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Rauner to sign spending plan he acknowledges doesn’t address bill backlog, have reforms to grow the economy or reduce taxes

Illinois Watchdog.Org

Monday, June 4, 2018  |  Article  |  By Greg Bishop

Budget--State (8) Ives, Jeanne--State House, 42 , McCarter, Kyle--State Senate, 54 , Skillicorn, Allen--State House, 66
Gov. Bruce Rauner said he will sign a budget that passed both chambers for the first time in his three-and-a-half years as the state’s chief executive despite concerns from a small group of lawmakers who said the budget isn't balanced.

Critics said the budget was crafted in secret, passed just before deadline and isn't actually balanced.

One of the two “no” votes in the Senate on Wednesday, state Sen. Kyle McCarter, said the $38.5 billion budget isn’t balanced because it doesn’t address pensions and other debt.

“You’ve got $150 billion in debt and your pensions are underfunded and near bankrupt,” said McCarter, R-Lebanon. “You have to spend less and put it toward what you owe and they refuse to do that.”

Following the Senate’s approval Wednesday, the House passed the plan Thursday, the final day of session.

The plan does include some pension savings, but those are estimates based off several buyout schemes that are entirely voluntary and not guaranteed.

State Rep. Greg Harris, D-Chicago, who was one of the budgeteers putting the numbers together behind closed doors, said the process of crafting the budget that dropped on lawmakers with less than 48 hours before the deadline was bipartisan.

“It’s now our time to govern because this is our opportunity now to pass legislation to show that we can work together,” Harris said.

The vote in the House was 97-18 for the spending plan and 100-14 for the budget implementation bill, the measure that included fund transfers, the pension buyout plans and other budget enacting language.

Several representatives said they had less than a day to review the 1,245-page budget.

During debate Thursday, State Rep. Jeanne Ives, R-Wheaton, said legislators' constituents likely had no input.

“You are collectively ruled by a handful of folks that are part of the political ruling class in the state of Illinois that have been controlling this state for decades,” Ives said.

State Rep. Allen Skillicorn, R-East Dundee, said the state should have to follow the same standards that local governments have to follow when it comes to budgeting.

“The state of Illinois requires all local governments to have a 30-day waiting period before passing a budget,” he said. “So that budget is public, there’s a hearing, and they have to wait 30 days until they can pass it so that everyone in the public can vote for it. I wonder why that’s good for local municipalities but not good for the legislature."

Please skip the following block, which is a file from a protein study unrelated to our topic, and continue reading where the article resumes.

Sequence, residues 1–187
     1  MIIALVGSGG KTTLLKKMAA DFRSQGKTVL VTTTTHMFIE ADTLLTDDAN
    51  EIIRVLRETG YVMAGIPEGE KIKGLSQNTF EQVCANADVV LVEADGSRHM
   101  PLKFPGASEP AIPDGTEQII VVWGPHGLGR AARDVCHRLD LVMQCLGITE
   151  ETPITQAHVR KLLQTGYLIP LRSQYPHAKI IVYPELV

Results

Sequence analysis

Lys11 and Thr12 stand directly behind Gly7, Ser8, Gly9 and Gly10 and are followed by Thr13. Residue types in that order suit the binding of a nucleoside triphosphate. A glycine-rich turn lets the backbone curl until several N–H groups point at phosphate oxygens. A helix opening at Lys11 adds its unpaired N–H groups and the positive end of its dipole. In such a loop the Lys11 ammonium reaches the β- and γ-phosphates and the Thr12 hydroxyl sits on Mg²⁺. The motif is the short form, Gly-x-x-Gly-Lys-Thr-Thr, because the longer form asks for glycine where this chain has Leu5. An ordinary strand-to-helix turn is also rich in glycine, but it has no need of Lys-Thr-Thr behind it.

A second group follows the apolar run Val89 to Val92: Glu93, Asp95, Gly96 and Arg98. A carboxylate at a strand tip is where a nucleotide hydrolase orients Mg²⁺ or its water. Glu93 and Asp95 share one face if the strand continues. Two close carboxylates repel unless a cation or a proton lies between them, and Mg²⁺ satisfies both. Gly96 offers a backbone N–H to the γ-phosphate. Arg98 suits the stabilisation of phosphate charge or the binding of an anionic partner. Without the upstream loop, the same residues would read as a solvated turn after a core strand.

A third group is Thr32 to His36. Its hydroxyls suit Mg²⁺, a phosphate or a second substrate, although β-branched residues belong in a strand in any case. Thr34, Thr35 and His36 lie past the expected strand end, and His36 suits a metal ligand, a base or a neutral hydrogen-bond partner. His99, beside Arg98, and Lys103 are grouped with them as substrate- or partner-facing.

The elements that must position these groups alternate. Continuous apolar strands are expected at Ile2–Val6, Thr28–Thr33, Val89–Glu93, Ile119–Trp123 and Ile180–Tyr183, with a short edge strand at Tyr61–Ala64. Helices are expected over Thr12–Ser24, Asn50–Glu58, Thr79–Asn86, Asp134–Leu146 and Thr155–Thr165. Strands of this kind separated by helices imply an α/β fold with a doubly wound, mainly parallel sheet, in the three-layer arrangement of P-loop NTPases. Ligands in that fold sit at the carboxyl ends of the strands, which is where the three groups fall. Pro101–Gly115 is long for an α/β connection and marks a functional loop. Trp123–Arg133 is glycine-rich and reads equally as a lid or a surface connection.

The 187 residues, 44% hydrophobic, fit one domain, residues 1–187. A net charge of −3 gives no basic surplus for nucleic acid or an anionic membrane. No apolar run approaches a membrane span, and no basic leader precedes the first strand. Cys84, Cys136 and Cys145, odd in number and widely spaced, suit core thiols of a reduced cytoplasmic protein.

Skillicorn was a “no” vote. He said some of the things may be good, such as the pension buyout scheme, but he opposed the overall bill because it was a last-minute plan that included money for abortions and pet projects.

“I can’t vote for a budget that includes $170 million taken from the road fund for the Obama Library [in Chicago],” Skillicorn said. “[The budget] includes $20-$30 million for taxpayer funded abortions, those are things I can’t vote for.”

Although Rauner said Thursday the plan does not include much-needed debt paydown and reforms that would reduce taxes and grow the economy, he plans to sign the combined 2,000 page spending plan soon.

“We cut government bureaucracy like high-paid consultants and duplicative IT systems at state agencies to invest our finite resources in critical services, provide $350 million in new funding for public schools, and reverse the governor’s cuts to education programs, health care, child care and senior services," House speaker Michael Madigan, D-Chicago, said in a statement. “While there is more work to be done, this compromise budget shows yet again that when extreme demands are not preconditions to negotiation, Democrats and Republicans in the Legislature can work together to move Illinois forward.”

Madigan said the budget would yield a $15 million surplus, which would use to pay down old bills.

The state had more than $6.6 billion in old bills as of Thursday morning. At a rate of $15 million a year, it would take more than 440 years to wipe out the state's debt, not factoring for interest penalties and other factors.

The backlog of bills was up to $16 billion after an unprecedented two-and-a-half year budget impasse, but the state borrowed $6 billion to pay down some of that debt.